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The new SAP licensing model can be expensive!

Until now, it was primarily a security issue when companies simply migrated their existing roles to S/4 without checking them. With the new licensing model, however, overly generous authorizations lead to a real explosion in costs.
Ralf Kempf, Pathlock
July 10, 2023
This text has been automatically translated from German to English.

Serious consequences of unchecked authorizations during S/4 migration

In the future, everything but a greenfield approach to the changeover will actually no longer make sense. The far-reaching consequences of the change from consumption-based to authorization-based licensing are fatally underestimated by most existing SAP customers. At an online IT conference held at the end of January, a company survey on checking SAP authorization roles confirmed this impression to a large extent: A good 85 percent of companies check these roles only irregularly or not at all, or do not want to or cannot provide any information on this - which experience shows is based on the latter. Too many are therefore unaware of the consequences of the new licensing model for migration, and this should change as soon as possible.

Over the past 25 years, SAP authorization projects have traditionally looked like this: Usually under time pressure, an authorization concept was defined that somehow worked compliantly, and roles were then simply built so that users could use what they needed, see pages 12 and 20 of this issue.It is also clear that the question of licensing has been neglected in the technical assignment of authorizations in most companies to date, which has often led to authorizations getting out of hand. Some users have up to 500 authorizations, of which only 25 percent are needed at most.

If customers are now asked which licensing model and authorization concept they are using to prepare for the switch to S/4, they are usually unaware of what the choice between a product and a contract conversion ultimately means. Until now, no one has given serious thought to the fact that there could be different access technologies with monetary implications. But this is exactly the case now: New technologies in S/4 projects require corresponding scenarios, the SAP license model has become more and more complex and is now changing fundamentally!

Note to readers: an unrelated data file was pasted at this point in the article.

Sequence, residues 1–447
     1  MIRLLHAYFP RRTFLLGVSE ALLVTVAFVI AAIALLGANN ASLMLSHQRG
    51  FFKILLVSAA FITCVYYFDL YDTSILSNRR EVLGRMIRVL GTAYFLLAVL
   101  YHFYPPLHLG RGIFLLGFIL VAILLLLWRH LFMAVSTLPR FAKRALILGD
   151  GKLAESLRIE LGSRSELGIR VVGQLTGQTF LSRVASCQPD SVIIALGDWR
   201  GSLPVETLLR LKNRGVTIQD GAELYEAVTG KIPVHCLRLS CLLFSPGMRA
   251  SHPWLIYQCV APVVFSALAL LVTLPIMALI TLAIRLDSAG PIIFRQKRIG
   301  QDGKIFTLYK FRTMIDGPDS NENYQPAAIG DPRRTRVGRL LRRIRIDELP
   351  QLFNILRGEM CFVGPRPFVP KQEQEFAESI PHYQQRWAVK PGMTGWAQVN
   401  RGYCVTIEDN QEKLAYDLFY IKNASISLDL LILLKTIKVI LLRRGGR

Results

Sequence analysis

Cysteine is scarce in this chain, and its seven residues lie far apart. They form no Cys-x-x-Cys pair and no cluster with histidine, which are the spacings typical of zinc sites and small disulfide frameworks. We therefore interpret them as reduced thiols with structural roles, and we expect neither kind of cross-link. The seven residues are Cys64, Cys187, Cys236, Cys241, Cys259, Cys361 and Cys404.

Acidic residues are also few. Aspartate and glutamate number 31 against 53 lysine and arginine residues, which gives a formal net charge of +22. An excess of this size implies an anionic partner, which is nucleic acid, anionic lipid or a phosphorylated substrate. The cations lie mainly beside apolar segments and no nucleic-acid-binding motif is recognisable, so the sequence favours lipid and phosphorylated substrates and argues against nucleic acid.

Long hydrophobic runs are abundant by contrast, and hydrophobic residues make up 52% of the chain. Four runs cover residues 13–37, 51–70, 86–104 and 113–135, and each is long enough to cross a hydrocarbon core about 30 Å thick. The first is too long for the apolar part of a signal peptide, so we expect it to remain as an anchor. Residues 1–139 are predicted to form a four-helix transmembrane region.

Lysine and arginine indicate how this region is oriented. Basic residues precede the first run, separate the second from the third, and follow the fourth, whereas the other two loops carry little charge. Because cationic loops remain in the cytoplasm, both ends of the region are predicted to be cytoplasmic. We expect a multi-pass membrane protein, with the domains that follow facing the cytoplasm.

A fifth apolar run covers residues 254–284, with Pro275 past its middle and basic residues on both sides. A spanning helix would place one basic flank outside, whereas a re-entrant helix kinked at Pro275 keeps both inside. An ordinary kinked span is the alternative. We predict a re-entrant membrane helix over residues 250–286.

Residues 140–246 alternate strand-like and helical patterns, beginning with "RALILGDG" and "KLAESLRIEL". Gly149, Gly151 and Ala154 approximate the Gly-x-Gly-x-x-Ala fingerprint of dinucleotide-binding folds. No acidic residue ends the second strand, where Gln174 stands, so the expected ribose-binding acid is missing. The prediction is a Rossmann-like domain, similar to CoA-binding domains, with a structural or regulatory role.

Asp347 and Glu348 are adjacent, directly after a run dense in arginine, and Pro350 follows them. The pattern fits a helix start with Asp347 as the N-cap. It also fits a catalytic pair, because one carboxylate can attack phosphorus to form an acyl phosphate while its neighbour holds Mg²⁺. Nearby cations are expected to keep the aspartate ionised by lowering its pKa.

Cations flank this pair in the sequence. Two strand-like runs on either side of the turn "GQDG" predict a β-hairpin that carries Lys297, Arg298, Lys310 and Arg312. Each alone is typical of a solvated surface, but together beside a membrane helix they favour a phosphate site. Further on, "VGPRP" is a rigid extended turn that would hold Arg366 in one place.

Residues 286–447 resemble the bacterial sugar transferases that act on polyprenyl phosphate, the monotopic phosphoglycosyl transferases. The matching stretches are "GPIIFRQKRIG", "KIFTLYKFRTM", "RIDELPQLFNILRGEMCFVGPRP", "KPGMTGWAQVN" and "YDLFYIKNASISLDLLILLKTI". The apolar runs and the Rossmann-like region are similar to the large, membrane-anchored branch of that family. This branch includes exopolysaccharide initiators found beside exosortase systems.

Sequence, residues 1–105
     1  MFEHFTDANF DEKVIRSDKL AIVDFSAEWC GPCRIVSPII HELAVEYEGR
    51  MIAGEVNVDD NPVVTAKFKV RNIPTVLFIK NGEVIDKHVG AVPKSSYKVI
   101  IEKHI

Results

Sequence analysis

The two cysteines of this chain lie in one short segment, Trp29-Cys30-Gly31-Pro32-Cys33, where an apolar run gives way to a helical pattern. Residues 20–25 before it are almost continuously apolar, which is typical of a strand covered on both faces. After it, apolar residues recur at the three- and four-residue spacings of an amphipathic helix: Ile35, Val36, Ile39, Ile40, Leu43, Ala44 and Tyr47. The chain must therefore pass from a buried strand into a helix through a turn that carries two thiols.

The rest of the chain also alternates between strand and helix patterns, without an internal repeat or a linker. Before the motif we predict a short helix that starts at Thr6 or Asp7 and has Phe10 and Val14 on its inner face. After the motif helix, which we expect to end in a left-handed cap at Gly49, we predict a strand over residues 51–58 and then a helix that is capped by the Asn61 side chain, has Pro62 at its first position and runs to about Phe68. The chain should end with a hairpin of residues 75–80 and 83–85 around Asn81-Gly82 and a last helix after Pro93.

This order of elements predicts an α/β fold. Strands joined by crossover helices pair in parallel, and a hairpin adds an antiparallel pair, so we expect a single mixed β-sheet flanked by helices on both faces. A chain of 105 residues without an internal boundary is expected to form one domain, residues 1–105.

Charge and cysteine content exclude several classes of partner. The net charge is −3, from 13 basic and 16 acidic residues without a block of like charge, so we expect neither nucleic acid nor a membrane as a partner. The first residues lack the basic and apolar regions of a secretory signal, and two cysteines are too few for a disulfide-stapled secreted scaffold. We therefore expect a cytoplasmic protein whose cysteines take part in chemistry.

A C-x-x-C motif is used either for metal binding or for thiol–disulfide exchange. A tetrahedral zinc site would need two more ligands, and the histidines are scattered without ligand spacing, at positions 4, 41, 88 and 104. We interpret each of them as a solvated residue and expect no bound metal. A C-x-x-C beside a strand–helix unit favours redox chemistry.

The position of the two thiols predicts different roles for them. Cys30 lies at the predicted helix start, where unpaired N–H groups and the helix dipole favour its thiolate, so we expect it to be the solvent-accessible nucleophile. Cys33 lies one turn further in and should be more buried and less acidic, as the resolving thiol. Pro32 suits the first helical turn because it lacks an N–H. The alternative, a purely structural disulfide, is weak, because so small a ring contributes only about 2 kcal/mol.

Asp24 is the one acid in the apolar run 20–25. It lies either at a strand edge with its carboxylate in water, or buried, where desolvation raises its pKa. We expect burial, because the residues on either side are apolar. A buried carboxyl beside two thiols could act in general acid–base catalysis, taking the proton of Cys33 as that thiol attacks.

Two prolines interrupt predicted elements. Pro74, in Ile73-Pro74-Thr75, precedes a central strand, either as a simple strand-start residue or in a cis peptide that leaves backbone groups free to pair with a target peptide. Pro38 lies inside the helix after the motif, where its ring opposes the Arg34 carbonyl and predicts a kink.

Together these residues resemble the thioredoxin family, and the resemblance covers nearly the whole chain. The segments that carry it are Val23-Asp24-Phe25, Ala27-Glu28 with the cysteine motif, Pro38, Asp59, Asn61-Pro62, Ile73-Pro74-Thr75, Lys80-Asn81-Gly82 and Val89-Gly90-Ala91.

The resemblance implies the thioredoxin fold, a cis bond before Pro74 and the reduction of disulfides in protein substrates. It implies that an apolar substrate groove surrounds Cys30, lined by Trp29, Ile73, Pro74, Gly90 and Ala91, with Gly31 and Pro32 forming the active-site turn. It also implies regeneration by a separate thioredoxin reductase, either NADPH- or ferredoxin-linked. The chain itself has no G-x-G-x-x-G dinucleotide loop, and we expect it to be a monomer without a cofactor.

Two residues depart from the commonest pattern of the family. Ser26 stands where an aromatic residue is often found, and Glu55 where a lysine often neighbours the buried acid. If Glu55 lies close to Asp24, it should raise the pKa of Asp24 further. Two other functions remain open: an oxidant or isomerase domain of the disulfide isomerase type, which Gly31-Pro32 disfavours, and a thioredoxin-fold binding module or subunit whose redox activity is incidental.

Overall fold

Product Conversion 

A Product Conversion primarily means that old contracts remain in place for the time being and seems to have the least impact. In contrast to Contract Conversion, it is possible here to retain the existing contracts with SAP and thus also their terms and conditions for licensing. New products from S/4 are then added, which means that anyone who wants to use a new engine that is only available under S/4 buys it and licenses it accordingly. But he remains more or less in the ECC area with his usage licenses and continues to miss according to consumption and not according to authorization. This means that there is no conversion from existing licenses as in the case of contract conversion. Initially, a contract for the specific additional purchase is simply added to the existing one, and the licensing continues to be based on actual use.

Contract Conversion

A contract conversion is basically the replacement of the existing contracts. One takes the existing contracts, the license value and also the software value, which is in these licenses and contracts, together and evaluates them. A new contract is then created for S/4 and this applies from then on with all its consequences. The decisive factor here is: In S/4, licensing is now based on theoretical authorizations and no longer on actual use by the user. For this purpose, SAP records over a standard period of three months which authorizations a user could have used in the system - for which a license is then due solely on the basis of the possible use.